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  5. Biden is lagging in key swing states. But white non-college voters are keeping him afloat in Wisconsin.

Biden is lagging in key swing states. But white non-college voters are keeping him afloat in Wisconsin.

John L. Dorman   

Biden is lagging in key swing states. But white non-college voters are keeping him afloat in Wisconsin.
  • Biden is currently trailing Trump in several critical battleground states ahead of November.
  • But of all the swing states, Wisconsin has largely been the most receptive to Biden's message.

In 2020, Wisconsin was one of Joe Biden's most important electoral victories, as he successfully clawed back the Midwestern swing state that was narrowly won by Donald Trump in 2016.

While Democrats need to perform strongly in the liberal population centers of Milwaukee and Madison in order to win statewide elections, the party still retains a significant level of support in many rural communities. And it's Biden's support among white voters without a college degree — a huge voting bloc in these areas — that's currently keeping him afloat in Wisconsin.

Among the seven major swing states, Biden currently trails Trump by at least three points in Arizona, Georgia, Nevada, and North Carolina, according to Real Clear Polling averages.

In Michigan and Pennsylvania, Biden has smaller deficits against Trump in the polling averages.

But in Wisconsin, Biden is often tied with Trump in polling, or has a slim lead. And it's the backing of many white working-class voters that has been critical for the president.

The most recent Quinnipiac University poll showed Biden leading Trump by six points (50% to 44%) among registered voters, while a recent Cook Political Report survey had Biden and Trump tied at 45% among Wisconsin voters.

In the Quinnipiac poll, Wisconsin voters gave Biden positive marks on issues like abortion rights and the preservation of democracy. But even on the question of who would better handle international conflicts — where Trump has opened up a lead in many recent polls — the former president only led Biden by one point (48% to 47%).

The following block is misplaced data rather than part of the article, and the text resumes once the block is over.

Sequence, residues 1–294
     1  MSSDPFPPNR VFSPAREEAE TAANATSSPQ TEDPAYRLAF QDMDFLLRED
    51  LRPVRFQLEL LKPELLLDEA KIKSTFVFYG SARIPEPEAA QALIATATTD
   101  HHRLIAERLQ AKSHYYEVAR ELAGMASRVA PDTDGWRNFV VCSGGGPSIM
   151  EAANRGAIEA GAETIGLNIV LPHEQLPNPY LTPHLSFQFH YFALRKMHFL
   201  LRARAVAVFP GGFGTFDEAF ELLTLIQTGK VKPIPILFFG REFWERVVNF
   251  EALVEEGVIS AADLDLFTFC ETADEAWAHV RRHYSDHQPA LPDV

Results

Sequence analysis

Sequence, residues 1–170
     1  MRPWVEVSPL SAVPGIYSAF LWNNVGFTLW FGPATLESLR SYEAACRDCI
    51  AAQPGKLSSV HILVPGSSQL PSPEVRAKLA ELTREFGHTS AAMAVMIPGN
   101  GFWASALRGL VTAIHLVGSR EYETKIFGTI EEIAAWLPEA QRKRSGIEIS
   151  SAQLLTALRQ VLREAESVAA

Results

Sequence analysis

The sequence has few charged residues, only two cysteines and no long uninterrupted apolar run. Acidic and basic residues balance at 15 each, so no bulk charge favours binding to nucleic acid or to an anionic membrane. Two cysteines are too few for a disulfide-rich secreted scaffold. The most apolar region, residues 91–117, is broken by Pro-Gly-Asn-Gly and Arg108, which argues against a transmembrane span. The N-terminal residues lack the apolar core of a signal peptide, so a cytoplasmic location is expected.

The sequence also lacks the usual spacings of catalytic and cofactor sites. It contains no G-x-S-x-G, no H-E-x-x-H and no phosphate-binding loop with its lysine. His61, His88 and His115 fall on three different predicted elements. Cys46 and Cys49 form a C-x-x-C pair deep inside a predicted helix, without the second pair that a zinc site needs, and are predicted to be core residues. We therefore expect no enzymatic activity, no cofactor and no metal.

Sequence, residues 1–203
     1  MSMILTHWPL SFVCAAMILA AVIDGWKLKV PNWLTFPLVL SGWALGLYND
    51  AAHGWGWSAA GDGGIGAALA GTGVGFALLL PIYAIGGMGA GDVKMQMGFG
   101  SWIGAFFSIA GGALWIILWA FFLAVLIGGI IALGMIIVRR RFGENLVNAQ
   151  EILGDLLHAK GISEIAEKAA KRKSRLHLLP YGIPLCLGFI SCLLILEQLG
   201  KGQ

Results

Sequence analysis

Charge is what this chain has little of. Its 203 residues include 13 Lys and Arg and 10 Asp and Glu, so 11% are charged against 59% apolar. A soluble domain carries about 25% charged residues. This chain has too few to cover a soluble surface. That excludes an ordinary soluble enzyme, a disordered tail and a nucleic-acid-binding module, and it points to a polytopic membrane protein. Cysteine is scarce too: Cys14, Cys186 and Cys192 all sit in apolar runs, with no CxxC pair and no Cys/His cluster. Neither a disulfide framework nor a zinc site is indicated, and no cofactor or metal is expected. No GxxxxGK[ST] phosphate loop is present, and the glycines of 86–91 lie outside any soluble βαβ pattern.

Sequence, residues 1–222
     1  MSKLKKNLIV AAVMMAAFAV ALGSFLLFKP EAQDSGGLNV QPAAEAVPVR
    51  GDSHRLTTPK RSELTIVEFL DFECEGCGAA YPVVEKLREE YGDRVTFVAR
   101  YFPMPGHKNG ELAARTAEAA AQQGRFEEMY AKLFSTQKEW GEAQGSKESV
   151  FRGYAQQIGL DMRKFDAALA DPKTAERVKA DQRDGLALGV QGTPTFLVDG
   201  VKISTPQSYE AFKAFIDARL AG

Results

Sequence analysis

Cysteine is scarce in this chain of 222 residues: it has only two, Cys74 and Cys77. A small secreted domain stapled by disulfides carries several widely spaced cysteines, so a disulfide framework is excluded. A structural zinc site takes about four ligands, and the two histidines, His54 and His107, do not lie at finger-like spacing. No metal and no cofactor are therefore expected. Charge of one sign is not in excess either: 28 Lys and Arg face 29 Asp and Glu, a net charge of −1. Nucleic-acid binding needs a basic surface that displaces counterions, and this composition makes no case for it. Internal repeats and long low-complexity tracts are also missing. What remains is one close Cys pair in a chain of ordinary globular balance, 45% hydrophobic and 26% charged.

When it came to economic issues, Trump had an eight-point lead over Biden (52% to 44%) in Wisconsin, per Quinnipiac, a relatively stable number for the incumbent on an issue where he has struggled in national polling. For Biden, the Wisconsin number represents a much more positive outlook from voters compared to his standing in states like Arizona and Nevada.

Among white voters in Wisconsin, Biden actually led Trump by four points (50% to 46%) in the Quinnipiac poll. And college-educated white voters in Wisconsin backed Biden by 27 points (61% to 34%).

But among white voters without college degrees, Biden only trailed Trump by eight points (44% to 52%), a deficit that is much narrower than in virtually every other swing state.

That Biden has been able to hold on to a sizable level of support from this voting bloc — despite their overall migration to the GOP — shows the uniqueness of the president's electoral coalition in Wisconsin.

And it's a coalition that could help send him back to the White House, especially if he's also able to capture Michigan, Pennsylvania, and Nebraska's Omaha-anchored 2nd Congressional District — in addition to the core of blue states that are the foundation of any Democratic presidential victory.

"In order to win, Democrats have to overperform — by a lot — with white working-class voters in the state, because most voters in Wisconsin are white working-class voters," Wisconsin Democratic Party Chairman Ben Wikler recently told The Washington Post. "No one who's active in politics forgets that for a second."

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